SDG&E launched the VRF battery storage pilot project using technology from Sumitomo Electric (SEI, pictured above) to look at whether flow battery technology can economically enhance the delivery of reliable energy, integrate growing amounts of renewable energy and increase the flexibility in the way the company manages the power grid.
"SDG&E is continuously at the forefront of delivering clean energy solutions and championing innovative technologies to assess the long-term benefits for our customers," said Caroline Winn, SDG&E's chief operating officer. "This pilot will advance our understanding of how this flow battery technology can help us increase the reliable delivery of clean energy to our customers and align with state and local carbon emission reduction goals."
The vanadium redox flow battery storage facility will provide 2 megawatts (MW) of energy, enough to power the energy equivalent of about 1,000 homes for up to four hours. Flow battery systems have an expected life-span of more than 20 years, and could have less degradation over time from repeated charging cycles than other technologies. SDG&E will be testing voltage frequency, power outage support and shifting energy demand.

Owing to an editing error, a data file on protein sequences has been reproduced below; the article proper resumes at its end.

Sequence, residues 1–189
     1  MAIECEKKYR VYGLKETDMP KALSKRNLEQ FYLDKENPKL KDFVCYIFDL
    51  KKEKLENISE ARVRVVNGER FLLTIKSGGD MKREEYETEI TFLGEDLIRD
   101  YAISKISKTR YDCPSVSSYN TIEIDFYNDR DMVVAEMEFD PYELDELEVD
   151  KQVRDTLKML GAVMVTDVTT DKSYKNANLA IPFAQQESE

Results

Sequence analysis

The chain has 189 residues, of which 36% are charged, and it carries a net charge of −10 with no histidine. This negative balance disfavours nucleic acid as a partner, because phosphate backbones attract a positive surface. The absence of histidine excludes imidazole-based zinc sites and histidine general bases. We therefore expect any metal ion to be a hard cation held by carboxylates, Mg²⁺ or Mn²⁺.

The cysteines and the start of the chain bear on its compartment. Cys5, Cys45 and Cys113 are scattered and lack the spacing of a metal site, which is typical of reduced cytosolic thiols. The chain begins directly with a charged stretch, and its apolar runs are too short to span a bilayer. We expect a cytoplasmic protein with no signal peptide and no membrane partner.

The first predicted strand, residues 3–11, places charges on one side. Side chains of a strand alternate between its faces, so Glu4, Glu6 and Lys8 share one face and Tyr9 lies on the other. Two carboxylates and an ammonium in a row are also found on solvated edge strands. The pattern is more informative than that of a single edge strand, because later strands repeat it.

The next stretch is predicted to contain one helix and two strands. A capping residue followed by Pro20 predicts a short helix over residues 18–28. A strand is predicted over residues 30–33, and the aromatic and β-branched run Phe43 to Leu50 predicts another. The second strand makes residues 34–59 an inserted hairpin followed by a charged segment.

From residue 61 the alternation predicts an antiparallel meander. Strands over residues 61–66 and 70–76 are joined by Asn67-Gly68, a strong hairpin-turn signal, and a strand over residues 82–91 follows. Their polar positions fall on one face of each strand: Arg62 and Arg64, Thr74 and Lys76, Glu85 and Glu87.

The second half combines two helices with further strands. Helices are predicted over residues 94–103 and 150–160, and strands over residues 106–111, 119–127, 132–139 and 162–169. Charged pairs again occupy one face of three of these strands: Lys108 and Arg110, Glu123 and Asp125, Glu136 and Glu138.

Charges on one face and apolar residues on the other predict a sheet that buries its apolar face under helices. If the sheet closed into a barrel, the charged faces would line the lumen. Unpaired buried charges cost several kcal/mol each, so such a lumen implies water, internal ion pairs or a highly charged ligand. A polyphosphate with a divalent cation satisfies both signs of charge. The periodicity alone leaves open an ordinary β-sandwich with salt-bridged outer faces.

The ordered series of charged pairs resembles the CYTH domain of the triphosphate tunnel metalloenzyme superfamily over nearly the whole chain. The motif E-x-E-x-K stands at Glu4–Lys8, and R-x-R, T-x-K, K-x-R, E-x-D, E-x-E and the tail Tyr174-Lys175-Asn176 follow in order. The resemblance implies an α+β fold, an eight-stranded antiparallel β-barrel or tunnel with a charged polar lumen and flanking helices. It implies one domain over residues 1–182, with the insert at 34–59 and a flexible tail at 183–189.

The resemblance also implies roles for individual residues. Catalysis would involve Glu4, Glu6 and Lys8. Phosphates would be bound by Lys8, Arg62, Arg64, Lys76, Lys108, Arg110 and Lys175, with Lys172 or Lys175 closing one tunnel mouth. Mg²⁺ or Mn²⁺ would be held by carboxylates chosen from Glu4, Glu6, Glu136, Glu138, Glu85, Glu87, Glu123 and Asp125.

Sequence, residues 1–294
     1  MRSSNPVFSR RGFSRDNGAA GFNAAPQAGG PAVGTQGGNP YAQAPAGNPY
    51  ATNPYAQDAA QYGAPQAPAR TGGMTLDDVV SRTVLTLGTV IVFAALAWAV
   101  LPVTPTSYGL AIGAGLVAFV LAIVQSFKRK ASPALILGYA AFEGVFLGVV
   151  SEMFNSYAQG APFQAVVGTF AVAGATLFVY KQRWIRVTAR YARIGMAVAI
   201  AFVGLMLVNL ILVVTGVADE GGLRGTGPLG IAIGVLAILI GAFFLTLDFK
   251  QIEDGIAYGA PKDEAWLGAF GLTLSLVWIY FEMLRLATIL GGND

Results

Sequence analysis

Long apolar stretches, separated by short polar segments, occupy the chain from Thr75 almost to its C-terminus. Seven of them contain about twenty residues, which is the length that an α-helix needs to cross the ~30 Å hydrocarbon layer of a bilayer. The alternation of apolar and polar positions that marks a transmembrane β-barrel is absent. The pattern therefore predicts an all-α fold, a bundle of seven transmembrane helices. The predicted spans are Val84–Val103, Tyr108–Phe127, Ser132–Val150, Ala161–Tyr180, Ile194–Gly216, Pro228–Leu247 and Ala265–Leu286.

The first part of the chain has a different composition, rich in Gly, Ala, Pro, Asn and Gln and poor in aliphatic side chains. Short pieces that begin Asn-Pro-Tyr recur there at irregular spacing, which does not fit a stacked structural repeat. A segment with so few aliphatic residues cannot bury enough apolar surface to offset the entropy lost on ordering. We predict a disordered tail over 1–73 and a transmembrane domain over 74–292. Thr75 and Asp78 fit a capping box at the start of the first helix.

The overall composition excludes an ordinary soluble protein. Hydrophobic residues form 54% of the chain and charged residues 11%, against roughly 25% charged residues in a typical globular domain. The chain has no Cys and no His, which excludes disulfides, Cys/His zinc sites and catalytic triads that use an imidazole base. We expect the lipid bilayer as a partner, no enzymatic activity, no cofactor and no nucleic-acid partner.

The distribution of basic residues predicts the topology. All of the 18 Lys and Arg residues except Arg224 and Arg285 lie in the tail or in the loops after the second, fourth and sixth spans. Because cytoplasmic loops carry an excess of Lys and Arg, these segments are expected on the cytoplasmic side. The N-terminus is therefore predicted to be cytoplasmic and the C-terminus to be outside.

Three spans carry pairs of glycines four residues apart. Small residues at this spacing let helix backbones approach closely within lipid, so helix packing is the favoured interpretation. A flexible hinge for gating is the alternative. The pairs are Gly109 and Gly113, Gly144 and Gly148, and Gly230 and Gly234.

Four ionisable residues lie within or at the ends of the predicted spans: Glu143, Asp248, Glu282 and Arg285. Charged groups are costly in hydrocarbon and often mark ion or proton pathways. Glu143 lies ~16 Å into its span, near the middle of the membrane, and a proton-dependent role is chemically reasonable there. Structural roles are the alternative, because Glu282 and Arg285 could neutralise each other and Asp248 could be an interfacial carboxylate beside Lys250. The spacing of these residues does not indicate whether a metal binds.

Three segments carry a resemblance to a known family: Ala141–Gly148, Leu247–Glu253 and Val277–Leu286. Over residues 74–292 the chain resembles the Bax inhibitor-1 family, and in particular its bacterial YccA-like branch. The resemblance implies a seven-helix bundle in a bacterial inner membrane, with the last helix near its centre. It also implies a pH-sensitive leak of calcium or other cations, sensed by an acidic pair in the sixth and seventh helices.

"We are delighted to see our first flow battery system operating in the U.S. through the multiple-use operation of the battery system in SDG&E's distribution network, we would like to prove its economic value and potential use on the electric grids," said Junji Itoh, managing director of Sumitomo Electric.
In February SDG&E opened the world's largest lithium ion battery storage facility in Escondido, California and a smaller facility in El Cajon, and has nearly 100 MW of energy storage projects completed or contracted.